Washington Examiners: The teachers, represented by the Los Angeles-based Center for Individual Rights, claim that California’s so-called “agency shop” law violates their free speech and free assembly rights and forces them to cough up $1,000 to pay for the union’s mostly Democratic political activities.
Houston Chronicle: Texas Attorney General Greg Abbott has issued an opinion stating that local governments and school districts that offer marriage benefits to same-sex partners are violating the state constitution.
EagNews.org: Leaders of a deeply troubled Pennsylvania school district are considering a plan to convert all of its individual schools into charters beginning next fall – an immediate and sweeping change that’s never been attempted before in American K-12 history.
Appellate Daily: The Benedictine monks of St. Joseph Abbey in southern Louisiana make and sell wooden caskets to support their monastery. State regulators are not happy about it, though, because they say the monks need a license.
NewsObserver: North Carolina’s 115 public school systems would lose the right to take their local board of county commissioners to court for more funding under a bill filed in the state Senate.
NCPA Policy Digest: In states where online education has been implemented, local and state teachers unions have challenged virtual education in court by seeking to limit enrollment in the charter schools that utilize the technology, by pushing for virtual schools to be closed and by seeking to limit enrollment to students who live “in district,” despite that defeating the benefits of the Internet.
NCPA Policy Digest: Taxpayers around the country will soon be grappling with massive amounts of debt they had no idea they were responsible for. The hidden debt is the result of $7.3 billion in promises that were made by state legislators but never approved by taxpayers, says Steven Malanga, a senior fellow at the Manhattan Institute.
Fox News: Maryland lawmakers agreed this week to require public school teachers to pay union fees – a move that bolsters the state’s connection to organized labor as others move toward a right-to-work status.
Washington Post: The effort reflects a new White House effort to tilt in its favor the conservative-dominated U.S. Court of Appeals for the District of Columbia Circuit, which is one notch below the Supreme Court and considers many challenges to executive actions.
OR: Math Teacher Escorted Out By Police, Set To Be Fired For Opposing Planned Parenthood In The Classroom
The Blaze (includes video): An Oregon public school teacher says he’s on the verge of being fired because of his outspoken views against Planned Parenthood and abortion.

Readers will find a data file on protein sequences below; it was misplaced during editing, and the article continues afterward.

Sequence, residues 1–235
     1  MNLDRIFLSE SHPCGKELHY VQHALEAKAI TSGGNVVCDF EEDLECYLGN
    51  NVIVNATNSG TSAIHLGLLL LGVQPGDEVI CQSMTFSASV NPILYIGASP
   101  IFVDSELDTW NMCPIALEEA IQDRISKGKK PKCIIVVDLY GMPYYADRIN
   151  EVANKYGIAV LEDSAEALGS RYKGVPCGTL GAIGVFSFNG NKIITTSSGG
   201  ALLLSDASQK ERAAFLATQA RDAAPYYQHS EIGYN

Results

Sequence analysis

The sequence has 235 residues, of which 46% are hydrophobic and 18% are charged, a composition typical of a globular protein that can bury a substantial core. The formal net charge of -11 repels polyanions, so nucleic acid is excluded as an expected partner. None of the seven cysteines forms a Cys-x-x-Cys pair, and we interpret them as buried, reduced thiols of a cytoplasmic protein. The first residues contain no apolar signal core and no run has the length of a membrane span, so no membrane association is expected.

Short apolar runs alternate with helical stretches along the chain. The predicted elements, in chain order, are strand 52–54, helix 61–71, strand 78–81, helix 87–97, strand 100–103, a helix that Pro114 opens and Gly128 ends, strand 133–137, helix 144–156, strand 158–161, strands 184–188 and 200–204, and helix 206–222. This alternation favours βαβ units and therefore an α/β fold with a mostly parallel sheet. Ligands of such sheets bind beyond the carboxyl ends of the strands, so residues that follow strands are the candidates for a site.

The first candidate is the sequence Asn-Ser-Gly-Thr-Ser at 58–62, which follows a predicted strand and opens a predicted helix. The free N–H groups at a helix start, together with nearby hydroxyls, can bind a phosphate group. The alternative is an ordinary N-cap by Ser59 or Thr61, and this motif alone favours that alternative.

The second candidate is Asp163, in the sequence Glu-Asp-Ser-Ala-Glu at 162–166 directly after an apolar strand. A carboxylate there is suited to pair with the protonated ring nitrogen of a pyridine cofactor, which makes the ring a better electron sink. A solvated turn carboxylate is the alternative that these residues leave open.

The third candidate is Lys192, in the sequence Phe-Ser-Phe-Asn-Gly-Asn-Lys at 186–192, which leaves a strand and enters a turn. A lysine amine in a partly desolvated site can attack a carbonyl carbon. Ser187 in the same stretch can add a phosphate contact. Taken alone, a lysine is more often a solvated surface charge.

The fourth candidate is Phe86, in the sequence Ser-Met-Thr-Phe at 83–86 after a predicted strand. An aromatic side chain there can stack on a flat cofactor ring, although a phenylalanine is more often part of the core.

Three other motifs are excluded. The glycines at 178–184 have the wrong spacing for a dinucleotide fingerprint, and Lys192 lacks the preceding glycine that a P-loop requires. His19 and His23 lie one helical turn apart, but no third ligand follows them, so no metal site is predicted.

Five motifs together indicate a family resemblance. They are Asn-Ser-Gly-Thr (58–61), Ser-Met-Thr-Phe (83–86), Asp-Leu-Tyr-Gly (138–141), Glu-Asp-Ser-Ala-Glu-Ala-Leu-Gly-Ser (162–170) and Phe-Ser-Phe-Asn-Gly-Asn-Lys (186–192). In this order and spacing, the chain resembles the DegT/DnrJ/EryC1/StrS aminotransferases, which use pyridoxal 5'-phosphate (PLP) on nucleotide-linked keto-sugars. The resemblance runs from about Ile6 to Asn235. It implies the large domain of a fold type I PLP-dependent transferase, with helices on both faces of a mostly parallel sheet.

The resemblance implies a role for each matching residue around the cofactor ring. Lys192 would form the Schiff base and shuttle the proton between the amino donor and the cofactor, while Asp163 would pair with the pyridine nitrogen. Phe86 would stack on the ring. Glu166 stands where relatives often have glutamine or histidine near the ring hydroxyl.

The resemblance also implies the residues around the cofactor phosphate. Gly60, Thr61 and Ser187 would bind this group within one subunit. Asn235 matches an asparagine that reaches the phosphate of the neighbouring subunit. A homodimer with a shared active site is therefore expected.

Tallahassee.com: That is why, as president of the NFL Players Association, I’m standing with the majority of Americans who support the freedom to marry. This simple endorsement of equality might surprise some people.
Heritage Foundation: In a new paper, Heritage expert Jason Richwine reveals that “Proper accounting would reveal tens of billions of dollars in extra teacher pension costs, equivalent to somewhere around $1,000 in unreported spending per student.”
Charter Schools: What a Recent Labor-Relations Decision Teaches Us About the Meaning of “Public” and “Private”
Alexander Volokh at Reason Foundation: Contracting with a private corporation to deliver an activity may alter the labor-management relations regime and the ADA regime but not the RLUIPA regime. The constitutional state-action regime may be unchanged with respect to the population served, but may be radically different with respect to hiring and firing decisions. What other regimes are altered may also depend on what conditions the contractor committed to fulfill in its contract. How, then, do we define “public” vs. “private,” “government” vs. “private sector,” “instrumentality of government” vs. “mere contractor”, “state actor” vs. “private actor”? We don’t. Each of these terms is a shorthand designating a broad set of attributes, and contracting out is all about exploring the limits of these concepts. For any given statute or constitutional provision, different rules might be appropriate in different contexts.
American Federation for Children: The American Federation for Children—the nation’s voice for educational choice— today applauded the hundreds of Louisiana parents, grandparents, and education reform advocates who traveled across the state to gather outside of the Louisiana Supreme Court in New Orleans to show their support of the Louisiana Scholarship Program.
The American Federation for Children—the nation’s voice for educational choice—today applauded the Alabama Supreme Court ruling that lifted the temporary restraining order placed on the Alabama Accountability Act in response to a lawsuit filed by the Alabama Education Association last week. The lawsuit was filed in an effort to prevent Governor Robert Bentley from signing the legislation that includes a new tax credit scholarship into law.
Education News: The split is the result of chronic differences over money, support and communications, not only between UHPA and NEA, but between UHPA and HSTA, who often do not see eye-to-eye on union issues. In a February 2012 memo, UHPA executive director J.N. Musto laid out the arguments for disaffiliation that centered on value added for money spent.